Allergy / Immunology

Allergy / Immunology Services

What Is Immunology?

Immunology deals with the study of the immune system and is an important area of medical and biological study. Through its various defense mechanisms, the immune system protects us from infection. When the immune system is malfunctioning, it can lead to diseases such as autoimmunity, allergies and cancer. Immune responses may also contribute to many common disorders not traditionally regarded as immunologic, such as metabolic, cardiovascular, and neurodegenerative conditions, such as Alzheimer’s disease.

What Are Immunologists?

Scientists and clinicians who specialize in immunology are called immunologists. Immunologists typically work in laboratories that focus on research, either in academia or in private industry (for example, in the pharmaceutical industry). Clinical immunologists, on the other hand, specialize in diagnosing and treating diseases of the immune system, such as autoimmune diseases and allergies.

The Immune System

A complex system of structures and processes, the immune system protects us from disease. It consists of both molecular and cellular components. These components have two functions: nonspecific mechanisms, those that are inherent to an organism, and responsive responses, which are adaptive to specific pathogens. The study of fundamental or classical immunology involves the components of innate and adaptive immunity.

Innate Immunity

A person’s innate immunity is the first line of defense and is nonspecific. That is, no matter how different each potential pathogen may be, the responses are the same. Physical barriers (e.g. skin, saliva, etc.) and cells (e.g. macrophages, neutrophils, basophils, mast cells) are all part of innate immunity. During the first few days of an infection, these components are ready to work and protect an organism. In some cases, this is sufficient to get rid of the pathogen, but in other cases, the first defense becomes overwhelmed and a second line of defense is triggered.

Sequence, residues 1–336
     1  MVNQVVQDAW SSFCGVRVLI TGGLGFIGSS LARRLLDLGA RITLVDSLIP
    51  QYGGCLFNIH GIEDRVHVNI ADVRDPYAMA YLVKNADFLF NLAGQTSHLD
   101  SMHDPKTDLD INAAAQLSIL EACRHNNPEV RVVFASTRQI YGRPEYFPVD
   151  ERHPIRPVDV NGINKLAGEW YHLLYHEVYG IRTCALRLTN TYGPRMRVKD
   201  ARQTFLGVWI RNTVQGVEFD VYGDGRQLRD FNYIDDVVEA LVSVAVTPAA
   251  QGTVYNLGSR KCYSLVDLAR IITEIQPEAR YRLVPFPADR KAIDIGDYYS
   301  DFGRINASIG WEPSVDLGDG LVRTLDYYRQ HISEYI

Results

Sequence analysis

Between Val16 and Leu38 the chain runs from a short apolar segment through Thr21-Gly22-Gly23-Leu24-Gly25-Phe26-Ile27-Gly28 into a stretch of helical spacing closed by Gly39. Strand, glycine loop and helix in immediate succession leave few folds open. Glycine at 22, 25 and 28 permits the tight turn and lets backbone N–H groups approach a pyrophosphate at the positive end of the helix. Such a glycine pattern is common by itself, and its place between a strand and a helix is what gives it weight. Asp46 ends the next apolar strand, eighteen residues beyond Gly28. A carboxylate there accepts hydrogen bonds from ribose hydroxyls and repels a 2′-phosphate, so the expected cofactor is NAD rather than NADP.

Adaptive Immunity

The second line of defense is adaptive immunity, which involves the immune system building up memories of infections encountered so that it can mount an enhanced response specific to the pathogen or foreign substance. Antibodies are involved in adaptive immunity, which generally target foreign pathogens roaming free in the body. In addition, T cells attack pathogens that have colonized cells and can kill them directly or modulate the immune system.

Immunodeficiency Disorders

A person with an immune system disorder is incapable of mounting a proper defense because of a problem with their immune system. Thus these disorders are almost always associated with severe infections that persist, recur, and/or result in complications, making them severely debilitating and even fatal. There are two types of immunodeficiencies: primary immunodeficiencies are typically present at birth, are generally hereditary, and are relatively rare. One example is common variable immunodeficiency (CVID). Generally, secondary immunodeficiencies develop later in life and may result from an infection, as is the case with AIDS following HIV infection.

Autoimmune Diseases

Autoimmune diseases occur when the immune system attacks the body it is supposed to protect. Autoimmune diseases are characterized by a defect that leaves patients unable to distinguish ‘secondary’ autoimmune diseases, which manifest later in life due to a variety of factors. Autoimmune diseases like rheumatoid arthritis and multiple sclerosis fall under this category. Similarly, autoimmune diseases can manifest locally, as in Crohn’s Disease affecting the GI tract, or systemically, as in systemic lupus erythematosus (SLE).

Asthma

An asthma attack can be debilitating and even deadly. Normally, this occurs when the immune system reacts to particles inhaled from the air, and over time, it can lead to thickening of the airways. This is a common cause of illness, especially in children. The origin can be complex and poorly understood in some cases, although it often has an allergic component.

Cancer

As a disease characterized by uncontrollable growth and proliferation of cells, cancer has a number of hallmarks, one of which is the ability for cancer cells to avoid being destroyed by the immune system. Scientists have begun to manipulate the immune system to defeat cancer (immunotherapy) after learning that evasion of the immune system contributes to the development of cancer. Cancer immunotherapy involves stimulating the body’s innate defenses against cancerous cells. It shows extraordinary promise as a new weapon in our arsenal against cancer. Another application of immunological knowledge against cancer involves monoclonal antibodies (proteins that find and directly bind to a specific target protein called an antigen. An example
is Herceptin, a monoclonal antibody used to treat breast and stomach cancer). 
In addition, a number of successful cancer vaccines have been developed, most notably the HPV vaccine.

Transplants

Transplants involve the transfer of cells, tissues, or organs from one person to another. Immunity’s recognition of transplanted organs as foreign is the greatest barrier to transplants. It is essential to understand the mechanism and clinical features of rejection in order to determine a diagnosis, recommend treatment and develop new strategies and drugs to manage transplants.